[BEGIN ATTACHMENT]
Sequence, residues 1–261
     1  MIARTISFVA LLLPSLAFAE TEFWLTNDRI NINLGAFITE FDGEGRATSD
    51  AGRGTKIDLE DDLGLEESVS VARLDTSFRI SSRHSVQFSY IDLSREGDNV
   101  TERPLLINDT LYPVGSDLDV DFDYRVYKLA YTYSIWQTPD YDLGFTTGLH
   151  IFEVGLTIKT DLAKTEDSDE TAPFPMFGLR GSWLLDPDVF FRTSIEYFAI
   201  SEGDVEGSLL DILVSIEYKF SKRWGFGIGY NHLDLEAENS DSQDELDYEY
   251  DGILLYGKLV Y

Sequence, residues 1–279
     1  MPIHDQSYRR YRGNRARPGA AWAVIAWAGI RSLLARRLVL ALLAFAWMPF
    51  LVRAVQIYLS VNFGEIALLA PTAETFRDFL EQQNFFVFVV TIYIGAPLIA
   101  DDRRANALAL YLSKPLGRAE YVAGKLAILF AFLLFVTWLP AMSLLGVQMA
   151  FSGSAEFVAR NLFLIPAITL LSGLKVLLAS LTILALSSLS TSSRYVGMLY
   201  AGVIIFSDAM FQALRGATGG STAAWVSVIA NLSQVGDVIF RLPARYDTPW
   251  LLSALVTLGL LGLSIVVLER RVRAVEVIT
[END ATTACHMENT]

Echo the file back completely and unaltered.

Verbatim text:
Sequence, residues 1–261
     1  MIARTISFVA LLLPSLAFAE TEFWLTNDRI NINLGAFITE FDGEGRATSD
    51  AGRGTKIDLE DDLGLEESVS VARLDTSFRI SSRHSVQFSY IDLSREGDNV
   101  TERPLLINDT LYPVGSDLDV DFDYRVYKLA YTYSIWQTPD YDLGFTTGLH
   151  IFEVGLTIKT DLAKTEDSDE TAPFPMFGLR GSWLLDPDVF FRTSIEYFAI
   201  SEGDVEGSLL DILVSIEYKF SKRWGFGIGY NHLDLEAENS DSQDELDYEY
   251  DGILLYGKLV Y

Sequence, residues 1–279
     1  MPIHDQSYRR YRGNRARPGA AWAVIAWAGI RSLLARRLVL ALLAFAWMPF
    51  LVRAVQIYLS VNFGEIALLA PTAETFRDFL EQQNFFVFVV TIYIGAPLIA
   101  DDRRANALAL YLSKPLGRAE YVAGKLAILF AFLLFVTWLP AMSLLGVQMA
   151  FSGSAEFVAR NLFLIPAITL LSGLKVLLAS LTILALSSLS TSSRYVGMLY
   201  AGVIIFSDAM FQALRGATGG STAAWVSVIA NLSQVGDVIF RLPARYDTPW
   251  LLSALVTLGL LGLSIVVLER RVRAVEVIT